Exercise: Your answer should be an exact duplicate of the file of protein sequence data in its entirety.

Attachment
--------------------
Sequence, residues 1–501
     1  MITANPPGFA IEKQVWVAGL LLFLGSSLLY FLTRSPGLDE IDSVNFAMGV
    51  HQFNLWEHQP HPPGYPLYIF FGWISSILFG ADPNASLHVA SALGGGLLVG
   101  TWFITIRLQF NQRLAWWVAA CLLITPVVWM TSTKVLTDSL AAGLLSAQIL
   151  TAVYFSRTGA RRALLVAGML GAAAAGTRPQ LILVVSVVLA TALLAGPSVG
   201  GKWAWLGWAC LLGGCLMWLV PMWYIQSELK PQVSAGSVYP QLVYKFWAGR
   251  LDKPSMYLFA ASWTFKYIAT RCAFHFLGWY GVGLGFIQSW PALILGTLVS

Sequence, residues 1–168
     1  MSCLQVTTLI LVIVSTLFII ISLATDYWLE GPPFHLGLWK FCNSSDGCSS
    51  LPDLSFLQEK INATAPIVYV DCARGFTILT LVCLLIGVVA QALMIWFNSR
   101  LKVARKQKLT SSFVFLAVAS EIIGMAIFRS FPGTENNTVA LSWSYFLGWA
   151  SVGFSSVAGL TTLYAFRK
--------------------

Sequence, residues 1–501
     1  MITANPPGFA IEKQVWVAGL LLFLGSSLLY FLTRSPGLDE IDSVNFAMGV
    51  HQFNLWEHQP HPPGYPLYIF FGWISSILFG ADPNASLHVA SALGGGLLVG
   101  TWFITIRLQF NQRLAWWVAA CLLITPVVWM TSTKVLTDSL AAGLLSAQIL
   151  TAVYFSRTGA RRALLVAGML GAAAAGTRPQ LILVVSVVLA TALLAGPSVG
   201  GKWAWLGWAC LLGGCLMWLV PMWYIQSELK PQVSAGSVYP QLVYKFWAGR
   251  LDKPSMYLFA ASWTFKYIAT RCAFHFLGWY GVGLGFIQSW PALILGTLVS

Sequence, residues 1–168
     1  MSCLQVTTLI LVIVSTLFII ISLATDYWLE GPPFHLGLWK FCNSSDGCSS
    51  LPDLSFLQEK INATAPIVYV DCARGFTILT LVCLLIGVVA QALMIWFNSR
   101  LKVARKQKLT SSFVFLAVAS EIIGMAIFRS FPGTENNTVA LSWSYFLGWA
   151  SVGFSSVAGL TTLYAFRK